Many big operators keep their wheel loader to use on asphalt and concrete surfaces, as turning on these is the hardest on the undercarriage of a track machine.
They excell where soft and rough ground conditions make operating a wheel loader tough. They don't drop into every hole as the track just test to rest on the high spots.
Tearing a track is about 5 times as expensive as ruining a tire, most won't warrantee their tracks for punctures lke small stumps of re bar.
But if the conditions require that much floatation to operate, or if overall cost is not so much of a concern, they seem to be the (trendy?) way to go.
Several of the track loaders have seen updates in the undercarriage dept, so buying a used loader may get a design that needed some improvement.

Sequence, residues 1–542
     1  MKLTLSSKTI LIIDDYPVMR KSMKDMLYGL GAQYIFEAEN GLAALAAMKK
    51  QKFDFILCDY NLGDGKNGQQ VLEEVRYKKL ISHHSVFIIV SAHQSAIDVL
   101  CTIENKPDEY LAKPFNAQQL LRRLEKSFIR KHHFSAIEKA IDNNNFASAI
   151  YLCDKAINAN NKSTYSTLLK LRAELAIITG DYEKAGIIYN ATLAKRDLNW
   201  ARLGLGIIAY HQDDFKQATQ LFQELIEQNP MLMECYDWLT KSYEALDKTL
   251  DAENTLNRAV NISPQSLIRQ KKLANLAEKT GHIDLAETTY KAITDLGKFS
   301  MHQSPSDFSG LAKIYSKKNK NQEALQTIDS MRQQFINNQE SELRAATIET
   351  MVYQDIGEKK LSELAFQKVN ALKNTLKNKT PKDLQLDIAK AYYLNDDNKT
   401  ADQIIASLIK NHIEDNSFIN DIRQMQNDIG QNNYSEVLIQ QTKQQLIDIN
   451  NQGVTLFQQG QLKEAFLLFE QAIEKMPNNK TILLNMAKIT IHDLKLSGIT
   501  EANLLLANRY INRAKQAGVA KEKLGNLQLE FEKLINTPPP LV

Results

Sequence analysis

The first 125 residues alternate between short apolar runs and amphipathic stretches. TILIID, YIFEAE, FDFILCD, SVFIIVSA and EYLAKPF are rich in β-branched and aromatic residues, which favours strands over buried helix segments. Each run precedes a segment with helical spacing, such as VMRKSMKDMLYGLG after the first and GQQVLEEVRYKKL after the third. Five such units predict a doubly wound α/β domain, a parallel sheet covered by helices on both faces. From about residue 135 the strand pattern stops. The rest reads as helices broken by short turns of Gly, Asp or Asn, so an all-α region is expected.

Ken
 

gizzard

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Jan 27, 2007
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Thanks for the info so far guys. I own a business in San Antonio and would mainly use the machine to: clear some land (trees and brush), load dump trucks with wood chips, spread road base, compact road base, etc.... Most of the time this work surface will be black dirt or base material. I am being told by a contractor that the traction (pushing power) is vastly better with tracks. In addition, my business is a pallet company and loose nails around the shop will be a concern for tires. Based on your comments so far, it looks as if the newer, the better on a track machine. Cost is not really a factor, I just want the most "bang" for my buck.
 

dkveuro

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Jan 25, 2007